The structure of the paper is as follows. Section 2 presents the review of the impact-driving factors, considering the significance of their account for impact modeling, and the most impactful windstorm cases selected for modeling presented later (the first objective). Section 3 presents a summary of the modeling framework, and the information captured utilizing it that is indicative of energy system resilience (the second objective). Section 4 presents the comparison of the modeling results and the historic profiles for LL and the number of line faults for three windstorm cases (the third objective). Section 5 concludes the paper.

2. Impact of Extreme Wind in Finland

Grid-damaging winds in Finland occur during storms, the impact of which is shaped by a combination of a multitude of partially known factors. As a result, it is difficult to assess the generality of the impact model; i.e., the extent to which the ability of the model to recreate the LL profile for one historic windstorm could be extrapolated to the ability of the model to generate realistic LL profiles for other historic or future windstorms in Finland. This section presents a review of the aspects that are expected to provide the first line of evidence for such model generality among the most extreme windstorms.

2.1. Impact Driving Factors

The first obvious indication of model generality is the comparison of the windstorm impact driving factors, and their significance to the factors accounted for in the model. However, listing such factors is neither easy, nor sufficient for a comprehensive description. Many complexities arise from the number and variety of, and interactions between, these factors. That said, a complete knowledge of the driving factors is not necessary in order to expect similar impacts, as well as to model the suitability for similar windstorms. In other words, a partial list of factors, and a knowledge of their significance, seems to have a substantial indicative value. This subsection provides a brief literature review on the meteorological and non-meteorological impact driving factors for windstorms in Finland and similar countries.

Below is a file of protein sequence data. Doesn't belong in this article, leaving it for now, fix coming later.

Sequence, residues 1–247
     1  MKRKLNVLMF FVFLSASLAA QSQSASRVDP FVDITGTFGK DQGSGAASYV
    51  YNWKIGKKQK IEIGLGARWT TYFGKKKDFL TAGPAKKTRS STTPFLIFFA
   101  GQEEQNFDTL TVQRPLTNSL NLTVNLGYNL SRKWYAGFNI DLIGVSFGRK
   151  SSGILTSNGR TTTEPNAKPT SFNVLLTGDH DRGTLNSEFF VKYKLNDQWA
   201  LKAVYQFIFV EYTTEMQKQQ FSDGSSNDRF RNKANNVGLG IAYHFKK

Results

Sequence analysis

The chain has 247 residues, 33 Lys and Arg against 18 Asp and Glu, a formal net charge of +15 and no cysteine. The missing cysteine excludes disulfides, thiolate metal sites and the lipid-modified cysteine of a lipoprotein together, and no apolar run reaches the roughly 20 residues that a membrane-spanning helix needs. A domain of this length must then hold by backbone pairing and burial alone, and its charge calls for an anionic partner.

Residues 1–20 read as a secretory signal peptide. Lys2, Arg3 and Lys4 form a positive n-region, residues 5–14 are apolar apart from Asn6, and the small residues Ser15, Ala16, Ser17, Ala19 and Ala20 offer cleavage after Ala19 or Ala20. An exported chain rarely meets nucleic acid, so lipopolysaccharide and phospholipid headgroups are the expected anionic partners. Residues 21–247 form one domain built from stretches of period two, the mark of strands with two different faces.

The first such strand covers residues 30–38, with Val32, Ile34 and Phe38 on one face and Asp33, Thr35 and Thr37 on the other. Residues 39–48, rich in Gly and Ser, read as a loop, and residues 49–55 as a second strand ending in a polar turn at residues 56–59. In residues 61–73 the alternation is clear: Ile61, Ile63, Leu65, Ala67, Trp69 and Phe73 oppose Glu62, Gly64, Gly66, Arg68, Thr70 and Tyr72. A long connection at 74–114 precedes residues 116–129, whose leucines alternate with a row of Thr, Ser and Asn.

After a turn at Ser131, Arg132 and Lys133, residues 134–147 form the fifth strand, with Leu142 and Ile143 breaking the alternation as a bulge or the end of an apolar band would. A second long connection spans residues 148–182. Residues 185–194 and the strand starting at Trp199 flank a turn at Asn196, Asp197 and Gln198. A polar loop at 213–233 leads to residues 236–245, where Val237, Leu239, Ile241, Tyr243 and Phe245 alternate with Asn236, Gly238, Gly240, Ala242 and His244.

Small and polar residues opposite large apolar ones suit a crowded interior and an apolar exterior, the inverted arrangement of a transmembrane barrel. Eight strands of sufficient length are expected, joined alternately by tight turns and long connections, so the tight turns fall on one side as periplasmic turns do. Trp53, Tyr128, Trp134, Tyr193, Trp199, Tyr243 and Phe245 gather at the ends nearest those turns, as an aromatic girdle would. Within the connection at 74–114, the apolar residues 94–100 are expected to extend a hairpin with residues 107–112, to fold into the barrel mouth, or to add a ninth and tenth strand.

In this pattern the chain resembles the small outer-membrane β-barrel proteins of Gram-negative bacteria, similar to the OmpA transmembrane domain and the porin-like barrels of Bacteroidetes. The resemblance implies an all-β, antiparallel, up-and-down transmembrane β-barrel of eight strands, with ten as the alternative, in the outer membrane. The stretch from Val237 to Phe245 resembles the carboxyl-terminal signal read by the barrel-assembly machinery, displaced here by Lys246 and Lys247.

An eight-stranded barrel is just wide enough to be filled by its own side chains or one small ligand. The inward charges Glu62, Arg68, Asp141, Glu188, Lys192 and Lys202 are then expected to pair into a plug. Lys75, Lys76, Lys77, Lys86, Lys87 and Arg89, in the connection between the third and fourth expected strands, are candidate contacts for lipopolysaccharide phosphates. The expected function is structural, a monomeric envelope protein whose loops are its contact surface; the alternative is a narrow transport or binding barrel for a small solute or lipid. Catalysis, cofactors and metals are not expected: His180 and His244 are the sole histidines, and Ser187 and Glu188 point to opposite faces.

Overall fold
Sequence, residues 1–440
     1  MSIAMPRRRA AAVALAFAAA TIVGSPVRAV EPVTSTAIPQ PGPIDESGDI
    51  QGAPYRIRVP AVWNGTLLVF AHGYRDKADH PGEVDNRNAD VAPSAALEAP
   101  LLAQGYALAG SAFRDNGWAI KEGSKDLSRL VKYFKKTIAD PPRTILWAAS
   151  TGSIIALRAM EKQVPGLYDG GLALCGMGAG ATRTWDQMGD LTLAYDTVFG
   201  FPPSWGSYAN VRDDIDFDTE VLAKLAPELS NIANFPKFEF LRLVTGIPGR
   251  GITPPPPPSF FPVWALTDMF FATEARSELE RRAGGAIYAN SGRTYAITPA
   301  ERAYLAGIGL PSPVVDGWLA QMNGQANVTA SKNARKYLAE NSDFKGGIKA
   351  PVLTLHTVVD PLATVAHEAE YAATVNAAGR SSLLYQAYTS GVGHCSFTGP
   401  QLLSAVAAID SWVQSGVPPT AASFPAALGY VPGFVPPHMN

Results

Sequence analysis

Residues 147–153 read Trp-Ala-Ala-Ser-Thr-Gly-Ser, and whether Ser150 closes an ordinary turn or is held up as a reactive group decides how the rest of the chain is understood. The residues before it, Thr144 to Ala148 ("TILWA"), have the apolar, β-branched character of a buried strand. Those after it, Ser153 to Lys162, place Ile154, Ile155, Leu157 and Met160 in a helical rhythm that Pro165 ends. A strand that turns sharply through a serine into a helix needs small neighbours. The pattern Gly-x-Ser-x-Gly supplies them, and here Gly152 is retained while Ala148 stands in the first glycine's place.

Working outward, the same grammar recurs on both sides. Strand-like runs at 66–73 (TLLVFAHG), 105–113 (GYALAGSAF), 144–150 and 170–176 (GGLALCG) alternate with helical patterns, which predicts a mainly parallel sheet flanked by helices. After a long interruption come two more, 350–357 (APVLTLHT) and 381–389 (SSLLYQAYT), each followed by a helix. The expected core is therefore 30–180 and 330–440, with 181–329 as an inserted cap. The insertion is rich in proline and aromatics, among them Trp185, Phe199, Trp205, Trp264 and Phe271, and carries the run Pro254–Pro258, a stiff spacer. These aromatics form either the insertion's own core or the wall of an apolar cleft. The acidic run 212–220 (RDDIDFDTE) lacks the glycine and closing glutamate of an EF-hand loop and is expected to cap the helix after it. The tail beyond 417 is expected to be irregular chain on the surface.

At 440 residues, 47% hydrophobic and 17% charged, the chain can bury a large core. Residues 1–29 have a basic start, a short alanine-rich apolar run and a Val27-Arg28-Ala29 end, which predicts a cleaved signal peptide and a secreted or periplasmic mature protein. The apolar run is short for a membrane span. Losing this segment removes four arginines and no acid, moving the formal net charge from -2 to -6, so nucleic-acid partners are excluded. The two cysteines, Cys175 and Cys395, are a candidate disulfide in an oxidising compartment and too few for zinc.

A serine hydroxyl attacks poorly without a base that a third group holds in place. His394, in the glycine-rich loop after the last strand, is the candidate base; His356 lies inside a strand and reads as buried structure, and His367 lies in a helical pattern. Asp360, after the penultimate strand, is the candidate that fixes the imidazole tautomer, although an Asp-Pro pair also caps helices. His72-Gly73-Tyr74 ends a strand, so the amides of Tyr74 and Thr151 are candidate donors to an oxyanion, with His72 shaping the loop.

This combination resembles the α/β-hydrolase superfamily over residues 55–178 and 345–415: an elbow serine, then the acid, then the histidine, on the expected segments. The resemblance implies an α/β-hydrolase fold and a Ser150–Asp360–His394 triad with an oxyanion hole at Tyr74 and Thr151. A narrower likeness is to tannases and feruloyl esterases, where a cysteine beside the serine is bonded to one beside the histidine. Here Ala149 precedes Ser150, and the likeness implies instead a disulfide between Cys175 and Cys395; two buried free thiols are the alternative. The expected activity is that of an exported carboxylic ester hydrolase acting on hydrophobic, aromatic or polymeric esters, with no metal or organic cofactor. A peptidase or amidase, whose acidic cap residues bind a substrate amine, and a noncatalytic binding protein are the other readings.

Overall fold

In densely forested countries such as Finland, the wind-related impacts on the power grids are mainly connected to trees falling on the powerlines. Subsequently, many of the impact-driving factors of power-grid damages are similar to the factors driving the wind impacts on the forests and trees. The wind gust speed is commonly considered the most important factor driving forest and power-grid damages [24]. For example, some versions of the Storm Severity Index are described only by the wind or wind gust speed over a certain percentile (e.g., 98), area, and duration of the windstorm [25]. In a more specific example, Roberts et al. used wind speeds from the 925 hPa level, which is commonly used to describe the wind gusts occurring close to the surface. The longer the period, and the larger the area with strong wind gusts, the higher the risk of the trees uprooting. Additionally, studies on basic mechanistic wind damage models for forests have considered a critical wind speed, which is required for either uprooting or breaking trees. The critical wind speeds depend on location and topography, because trees adapt to their local climate [26,27]. Trees also adapt to the wind direction; thus, in the case of a less usual wind direction, trees may uproot more easily [24].
Moreover, wind speed impacts are shaped by other meteorological factors, such as snow, rain, and temperature. In winter, a heavy snow load on trees may cause them to break [28,29] and fall onto power lines. In fact, snow and ice are the largest causes of electricity interruptions in Finland, after wind [3]. A significant snow load (>20 kg/m2) and moderate winds (>8 m/s) do occur simultaneously, but this is rare (<1% of days) [28]. Furthermore, more extreme wind and snow-load values are expected to be at least in part mutually exclusive, as strong winds would also remove the snow load from the trees. Rain and mild temperatures lead to soil that is unfrozen and wet, which simplifies the conditions for the uprooting of trees; i.e., it exposes forests to wind damage at milder wind speeds [30]. This is especially relevant in winter, as it is the time of year when the wind speeds are statistically strongest.
Non-meteorological factors also significantly impact the proneness of the trees to falling onto powerlines. For example, the proximity of the trees to the powerlines, the tree type, the canopy cover, and irregular forest management (clear-cutting) impact the trees’ vulnerability to the wind [28,31,32,33]. Additionally, soil characteristics such as the soil type affect how easily the trees can be uprooted [33]. The type and location of the powerlines also matter. If there are tall trees in the vicinity of overhead lines, or if the forest next to the powerlines has recently been thinned or clear-cut, the risk of wind-related damage is high. It is difficult to quantify the influence of each impact-driving factor on forest damages in Finland, and even more so on power grid damage. As a result, the influence of many factors remains quantitatively unexplored. The most notable exception to this is a study by Haakana et al. that suggests that the presence of soil frost reduces wind-related power outages by 10–38% in Finland, depending on the region of the occurrence [34].